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Carbon dioxide filter for cleaner water

Princeton University researchers report a low cost technique to remove particles from water which uses carbon dioxide rather than physical filters or membranes.

The system involves injecting CO2 gas into a stream of water to filter out particles. The researchers report that the gas mixes with the water in a system of channels, temporarily changing the water's chemistry and causing the contaminated particles to move to one side of the channel depending on their electrical charge. By taking advantage of this migration, they are able to split the water stream and filter out suspended particles.

"You could potentially use this to clean water from a pond or river that has bacteria and dirt particles," says Sangwoo Shin, an assistant professor of mechanical engineering at the University of Hawaii at Manoa.

Shin, the lead author of a paper describing the process, performed the research as a post-doctoral researcher in the laboratory of Howard Stone, the Donald R. Dixon '69 and Elizabeth W. Dixon Professor of Mechanical and Aerospace Engineering at Princeton.

Much more efficient

In a paper published recently in the journal Nature Communications, the research team describes a laboratory-scale system that removes particles three orders of magnitude (1000-fold) more efficiently than conventional microfiltration processes. The system is low energy. Besides the pump responsible for the flow, bottled carbon dioxide is the only moving part, and there is no physical filter or membrane that can clog or require replacement.

Carbon dioxide alters water's chemistry by making it slightly more acidic. The acidity means that when CO2 dissolves in water it creates charged particles (ions). One of the ions, a positively charged hydrogen atom, moves very quickly through the water solution. Another, a negatively charged bicarbonate molecule, moves more slowly. The ions' movement through the water creates a subtle electric field. This draws particles in the water (which have either negative or positive charges of their own) toward one side of the water stream.

Because most contaminants have some amount of surface charge, the electric field is an effective way to strain them from water.

The researchers' device takes advantage of this electric sorting effect by drawing the contaminants to one side of the flow and then splitting the water into two channels. One path carries water containing the contaminating particles and the other holds clean water. Because the system does not have a membrane or a mechanical filter, clogging is not a problem.

When finished, the dissolved CO2 can be easily removed by exposing the water to the air so that the water contains only normal levels of carbon dioxide and is not carbonated.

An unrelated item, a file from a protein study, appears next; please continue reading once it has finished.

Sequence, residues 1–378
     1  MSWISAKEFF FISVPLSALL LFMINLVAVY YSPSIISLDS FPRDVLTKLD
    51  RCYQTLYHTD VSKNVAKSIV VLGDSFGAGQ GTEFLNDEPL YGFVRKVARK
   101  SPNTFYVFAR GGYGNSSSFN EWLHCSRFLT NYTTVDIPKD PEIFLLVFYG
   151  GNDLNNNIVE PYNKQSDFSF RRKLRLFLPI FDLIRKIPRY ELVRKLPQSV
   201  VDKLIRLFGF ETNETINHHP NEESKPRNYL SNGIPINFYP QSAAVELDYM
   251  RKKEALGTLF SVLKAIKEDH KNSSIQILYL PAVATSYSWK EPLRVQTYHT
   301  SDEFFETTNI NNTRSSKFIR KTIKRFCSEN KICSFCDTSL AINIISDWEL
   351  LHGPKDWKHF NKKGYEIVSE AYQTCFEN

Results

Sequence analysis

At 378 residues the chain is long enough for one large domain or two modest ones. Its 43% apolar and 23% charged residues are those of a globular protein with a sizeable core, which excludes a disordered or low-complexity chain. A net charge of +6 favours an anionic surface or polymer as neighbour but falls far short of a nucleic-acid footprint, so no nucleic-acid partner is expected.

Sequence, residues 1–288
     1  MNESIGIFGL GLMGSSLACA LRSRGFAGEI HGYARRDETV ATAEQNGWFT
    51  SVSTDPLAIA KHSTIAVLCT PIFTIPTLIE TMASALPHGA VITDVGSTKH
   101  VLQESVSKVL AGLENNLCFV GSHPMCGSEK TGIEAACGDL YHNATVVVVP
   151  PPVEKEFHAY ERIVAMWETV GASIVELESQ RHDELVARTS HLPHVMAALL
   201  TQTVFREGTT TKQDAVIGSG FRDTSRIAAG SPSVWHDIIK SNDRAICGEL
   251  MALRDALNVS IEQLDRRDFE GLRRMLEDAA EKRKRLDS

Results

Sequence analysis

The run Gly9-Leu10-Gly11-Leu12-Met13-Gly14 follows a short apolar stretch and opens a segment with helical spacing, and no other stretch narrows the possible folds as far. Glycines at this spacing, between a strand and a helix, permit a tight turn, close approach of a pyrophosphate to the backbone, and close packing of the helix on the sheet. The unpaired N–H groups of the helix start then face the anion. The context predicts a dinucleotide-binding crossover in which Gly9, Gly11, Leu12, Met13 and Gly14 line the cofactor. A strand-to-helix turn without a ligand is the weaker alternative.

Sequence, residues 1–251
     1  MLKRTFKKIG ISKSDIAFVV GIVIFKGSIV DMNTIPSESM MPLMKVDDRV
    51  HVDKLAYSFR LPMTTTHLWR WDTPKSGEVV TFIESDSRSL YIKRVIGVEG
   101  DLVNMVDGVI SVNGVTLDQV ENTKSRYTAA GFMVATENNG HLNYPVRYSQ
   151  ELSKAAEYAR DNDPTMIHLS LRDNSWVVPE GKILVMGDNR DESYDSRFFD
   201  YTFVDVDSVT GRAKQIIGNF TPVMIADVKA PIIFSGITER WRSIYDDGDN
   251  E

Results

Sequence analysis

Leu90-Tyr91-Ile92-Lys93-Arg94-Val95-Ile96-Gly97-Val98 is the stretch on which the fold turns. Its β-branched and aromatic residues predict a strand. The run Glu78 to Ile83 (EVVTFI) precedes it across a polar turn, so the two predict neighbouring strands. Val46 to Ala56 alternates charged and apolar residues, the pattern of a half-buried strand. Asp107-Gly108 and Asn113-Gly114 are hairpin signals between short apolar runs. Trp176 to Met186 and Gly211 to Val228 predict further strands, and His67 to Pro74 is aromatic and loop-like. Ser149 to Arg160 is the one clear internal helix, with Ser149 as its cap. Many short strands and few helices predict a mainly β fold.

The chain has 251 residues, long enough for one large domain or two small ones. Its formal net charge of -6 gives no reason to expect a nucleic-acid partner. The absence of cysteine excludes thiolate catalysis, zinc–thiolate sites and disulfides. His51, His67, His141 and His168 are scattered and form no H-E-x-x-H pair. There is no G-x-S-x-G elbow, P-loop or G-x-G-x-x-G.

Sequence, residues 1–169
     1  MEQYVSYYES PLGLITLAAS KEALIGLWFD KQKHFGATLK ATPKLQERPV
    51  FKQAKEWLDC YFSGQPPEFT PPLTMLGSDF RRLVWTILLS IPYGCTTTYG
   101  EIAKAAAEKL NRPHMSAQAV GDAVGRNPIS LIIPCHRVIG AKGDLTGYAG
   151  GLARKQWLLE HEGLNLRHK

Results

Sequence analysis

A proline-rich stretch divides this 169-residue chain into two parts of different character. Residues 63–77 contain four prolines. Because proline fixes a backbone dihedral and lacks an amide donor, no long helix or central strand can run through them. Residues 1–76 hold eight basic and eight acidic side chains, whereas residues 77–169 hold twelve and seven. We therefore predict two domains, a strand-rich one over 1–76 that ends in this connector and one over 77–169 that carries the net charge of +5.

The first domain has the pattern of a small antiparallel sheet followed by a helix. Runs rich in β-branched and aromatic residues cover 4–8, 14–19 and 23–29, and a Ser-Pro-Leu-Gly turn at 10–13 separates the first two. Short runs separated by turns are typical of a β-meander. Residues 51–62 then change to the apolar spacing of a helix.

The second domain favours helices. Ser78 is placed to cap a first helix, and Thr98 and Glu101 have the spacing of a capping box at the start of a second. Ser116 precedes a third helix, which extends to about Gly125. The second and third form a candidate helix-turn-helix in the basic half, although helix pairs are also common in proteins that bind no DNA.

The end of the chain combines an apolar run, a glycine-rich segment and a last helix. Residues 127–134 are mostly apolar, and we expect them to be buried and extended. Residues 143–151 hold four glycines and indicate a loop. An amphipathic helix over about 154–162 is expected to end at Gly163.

Further applications

The researchers say using a soluble gas as a method of controlling particles in a solution could lead to other industrial or scientific applications beyond water filtration. 

Shin believes the CO2 system could be particularly useful in the developing world because it does not require the installation and replacement of filters. The idea may be useful for portable systems. It is also relatively low cost, only requiring a canned source of carbon dioxide to use.

"It is definitely able to scale up to a hundred litres per hour, which meets a practical household standard," Shin reports.

Another use would be as a supplement to a desalinisation plant. Many types of desalinisation use membranes to strain out salt molecules, but biological particles including viruses and bacteria are able to pass through the membranes. Shin says the carbon dioxide system could strain out the particles before or after the water passes through the desalinisation membrane, reducing the need to treat the water with chemicals such as chlorine.

Shin is now working on methods to scale the system for possible use in water treatment plants to supply larger communities. He says the basic science works, but further engineering is needed to create a large-scale carbon dioxide filter.

Besides Shin and Stone, the researchers include Orest Shardt, who worked on the project as a co-lead author while at Princeton and is now a lecturer at the University of Limerick, Ireland, and Patrick Warren of Unilever. The project was supported by Unilever Research, the Natural Sciences and Engineering Research Council of Canada, and the Princeton Environmental Institute.

 

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This article is featured in:
Desalination  •  Drinking water  •  Water and Wastewater

 

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